Wednesday, May 24, 2017

Speech at SIDA - Stockholm on trade, climate and development

Trade, climate and development 
Speech at the Swedish International Development Agency (SIDA)
Stockholm, Sweden
May 23, 2017

A Swiss investment bank has an interesting slogan: “A long view improves our view of the short term.” This is a very special month to me. Earlier in May my grandmother turned 102 and she keeps lucid and in good health. Also, any day now –hopefully not today- my wife will give birth to our second child. If this child enjoys the life expectancy of my grandmother, he or she will be alive in the year 2119. So when we speak about end-of-the-century scenarios I take it personal even though I will not be here.

I wish to mention briefly six issues that relate to our topic of today. First of all, the multilateral trading system is showing serious dysfunctions between what it should be doing and what it is doing. It should be doing all it can, as fast as possible, to implement all trade policy mechanisms that will allow us to reach the Agenda 2030 Sustainable Development Goals ideally way ahead of their deadlines. Instead, what we are doing is better illustrated by a Spanish fable of a group of rabbits that were hanging out in the forest when suddenly one yelled “dogs are coming!” One rabbit went to have a look and determined it was a pack of retrievers. “They are retrievers”, he announced. Another rabbit went to verify and corrected, “no, they are hounds”. And so the discussion began: Retrievers! Hounds! Retrievers! Hounds! In the end, the dogs arrived and ate all the rabbits. The WTO is still uncertain whether it wants to retain the Doha Round architecture or move into something else. The WTO is still unsure what it wants to talk about, like new issues that were not included in the Doha Round, or even old issues such as e-commerce, in which a moratorium has existed and has been renewed every two years since 1998 on the issue of electronic transactions.

Second, the private sector is highly engaged in the green growth agenda. A group of more than 280 global investors worth some US$17 trillion, has requested the G7 targeted climate and energy plans for 2050, a phasing out of fossil fuel subsidies and carbon pricing, and adoption of policies for low carbon investment. This remarkable leadership should be backed with the corresponding public policymaking required to implement such an agenda.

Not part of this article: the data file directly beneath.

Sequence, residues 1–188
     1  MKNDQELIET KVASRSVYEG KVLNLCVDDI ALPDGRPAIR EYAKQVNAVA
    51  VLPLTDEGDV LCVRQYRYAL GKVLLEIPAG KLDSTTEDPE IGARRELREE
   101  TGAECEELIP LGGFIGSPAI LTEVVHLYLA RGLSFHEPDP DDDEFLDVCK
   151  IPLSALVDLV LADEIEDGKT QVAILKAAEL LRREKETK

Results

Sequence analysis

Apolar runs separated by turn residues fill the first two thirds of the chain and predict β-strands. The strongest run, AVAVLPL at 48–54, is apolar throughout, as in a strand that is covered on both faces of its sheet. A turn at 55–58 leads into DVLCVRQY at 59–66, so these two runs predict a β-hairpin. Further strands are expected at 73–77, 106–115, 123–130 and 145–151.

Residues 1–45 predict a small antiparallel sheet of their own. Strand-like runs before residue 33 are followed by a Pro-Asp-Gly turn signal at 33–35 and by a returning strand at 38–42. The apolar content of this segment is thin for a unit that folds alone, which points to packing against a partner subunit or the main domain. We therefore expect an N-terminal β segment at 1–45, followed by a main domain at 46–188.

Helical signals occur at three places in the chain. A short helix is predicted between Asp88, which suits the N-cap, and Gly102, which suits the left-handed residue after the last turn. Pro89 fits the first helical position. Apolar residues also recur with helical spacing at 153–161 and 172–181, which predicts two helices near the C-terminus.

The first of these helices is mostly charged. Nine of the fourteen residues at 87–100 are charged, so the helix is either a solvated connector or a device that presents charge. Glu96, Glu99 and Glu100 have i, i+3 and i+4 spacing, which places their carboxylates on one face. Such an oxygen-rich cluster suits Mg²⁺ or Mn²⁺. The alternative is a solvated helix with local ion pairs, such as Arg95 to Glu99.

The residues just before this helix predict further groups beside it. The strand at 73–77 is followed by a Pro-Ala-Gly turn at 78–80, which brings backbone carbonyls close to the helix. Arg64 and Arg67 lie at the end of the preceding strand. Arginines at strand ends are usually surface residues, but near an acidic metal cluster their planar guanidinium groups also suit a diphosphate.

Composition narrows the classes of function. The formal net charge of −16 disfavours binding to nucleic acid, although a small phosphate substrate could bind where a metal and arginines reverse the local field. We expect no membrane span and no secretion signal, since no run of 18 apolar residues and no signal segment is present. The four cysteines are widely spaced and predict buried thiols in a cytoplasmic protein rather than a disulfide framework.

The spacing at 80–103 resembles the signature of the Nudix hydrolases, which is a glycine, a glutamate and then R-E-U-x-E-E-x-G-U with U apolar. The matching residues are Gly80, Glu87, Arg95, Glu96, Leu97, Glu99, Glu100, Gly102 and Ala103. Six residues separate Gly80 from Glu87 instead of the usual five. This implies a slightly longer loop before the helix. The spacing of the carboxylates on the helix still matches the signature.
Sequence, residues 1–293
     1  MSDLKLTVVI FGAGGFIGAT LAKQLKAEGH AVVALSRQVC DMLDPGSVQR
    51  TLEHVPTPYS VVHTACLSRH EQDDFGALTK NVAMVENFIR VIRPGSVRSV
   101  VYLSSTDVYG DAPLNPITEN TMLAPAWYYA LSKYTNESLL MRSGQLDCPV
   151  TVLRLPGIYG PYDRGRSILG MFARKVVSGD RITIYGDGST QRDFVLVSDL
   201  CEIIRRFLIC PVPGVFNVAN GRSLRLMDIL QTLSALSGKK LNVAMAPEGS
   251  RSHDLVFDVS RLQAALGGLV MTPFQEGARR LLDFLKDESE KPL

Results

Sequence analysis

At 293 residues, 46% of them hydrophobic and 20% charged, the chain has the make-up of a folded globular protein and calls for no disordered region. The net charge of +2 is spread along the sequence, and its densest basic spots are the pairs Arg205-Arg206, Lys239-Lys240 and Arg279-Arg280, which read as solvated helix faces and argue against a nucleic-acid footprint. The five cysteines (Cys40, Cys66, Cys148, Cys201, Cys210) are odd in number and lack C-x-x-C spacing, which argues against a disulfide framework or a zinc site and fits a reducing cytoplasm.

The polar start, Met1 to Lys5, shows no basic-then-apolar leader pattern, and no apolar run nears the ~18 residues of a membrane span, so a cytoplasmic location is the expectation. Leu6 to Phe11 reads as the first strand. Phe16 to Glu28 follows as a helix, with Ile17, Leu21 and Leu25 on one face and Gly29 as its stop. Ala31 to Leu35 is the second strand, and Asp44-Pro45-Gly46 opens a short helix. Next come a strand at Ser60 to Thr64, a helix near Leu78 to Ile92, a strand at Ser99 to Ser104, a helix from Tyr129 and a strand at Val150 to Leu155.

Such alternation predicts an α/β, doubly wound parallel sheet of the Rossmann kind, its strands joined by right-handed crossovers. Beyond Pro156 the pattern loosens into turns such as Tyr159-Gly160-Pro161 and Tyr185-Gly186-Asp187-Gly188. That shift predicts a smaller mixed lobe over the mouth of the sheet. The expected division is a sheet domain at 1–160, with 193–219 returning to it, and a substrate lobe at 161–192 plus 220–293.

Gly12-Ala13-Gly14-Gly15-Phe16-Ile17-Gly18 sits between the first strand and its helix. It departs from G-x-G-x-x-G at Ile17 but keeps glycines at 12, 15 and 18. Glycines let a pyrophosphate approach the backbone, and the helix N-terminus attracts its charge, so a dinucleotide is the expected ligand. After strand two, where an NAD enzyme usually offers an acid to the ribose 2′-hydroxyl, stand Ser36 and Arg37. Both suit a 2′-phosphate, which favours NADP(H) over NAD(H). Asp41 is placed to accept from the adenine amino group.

Third, the SDG agenda that the WTO should be addressing and discussing with all its resources and human capital should contain concrete results on: a) fisheries subsidies; b) fossil fuel subsidies; c) clean energy and environmental goods; d) e-commerce (trade policy for the digital economy); e) sustainable agriculture and food stockpiles (and not the agriculture from the 1970s); and f) responsible production and consumption (trade policy for the circular economy), among others.

Fourth, the issue of sea level rise should be top of mind of all policymakers worldwide, not least at the WTO. The Arctic is very close to my heart as I lived in the Norwegian Arctic for two years and the estimates of sea level rise for 2100 factor in possible melting scenarios of the Arctic including Greenland, which are vast amounts of frozen fresh water. But that figure is dwarfed by the amount of water that is frozen in Antarctica and that scientists are starting to scratch the surface to determine not whether it is melting, but how fast and how much water would it release into the world’s oceans. In other words, catastrophic sea level rise, the one that will displace hundreds of millions of peoples that live within a kilometer of the coast will likely come from the south pole which we barely know anything about.

Fifth, regarding fossil fuels, Costa Rica has been taxing them heavily instead of subsidizing its consumption. Unlike many other countries that use fossil taxes to finance government spending, Costa Rica created, since 1988, the first known mechanism of payment for environmental services (PES) through which reforestation has been incentivized. After nearly 30 years of this policy, forest coverage has more than doubled, influx of tourists seeking ecological tourism has grown ten fold, and the economy has grown seven times. This proven story of success is adaptable to all tropical developing countries that possess half of the fertile land and water of the planet and that hold such abundance of natural capital and renewable resources.

Finally, many of you watched in excitement the amazing close-up pictures of Jupiter taken by Juno, a remarkable piece of technology that brought the giant planet closest to human civilization than ever before. This was in part due to the amazing coverage that NASA does on social media of space exploration. They figured out how to make space exploration cool so the younger generations are learning and excited and engaged about it. Is there any better way of promoting the study of science in this day and age? So we must keep this in mind and figure out a way to make trade and climate action cool, most particularly from a development angle, which is what millennials care about: will I have a job and will it matter to solve the problems that my generation did not create but needs to address to live in peace and prosperity.

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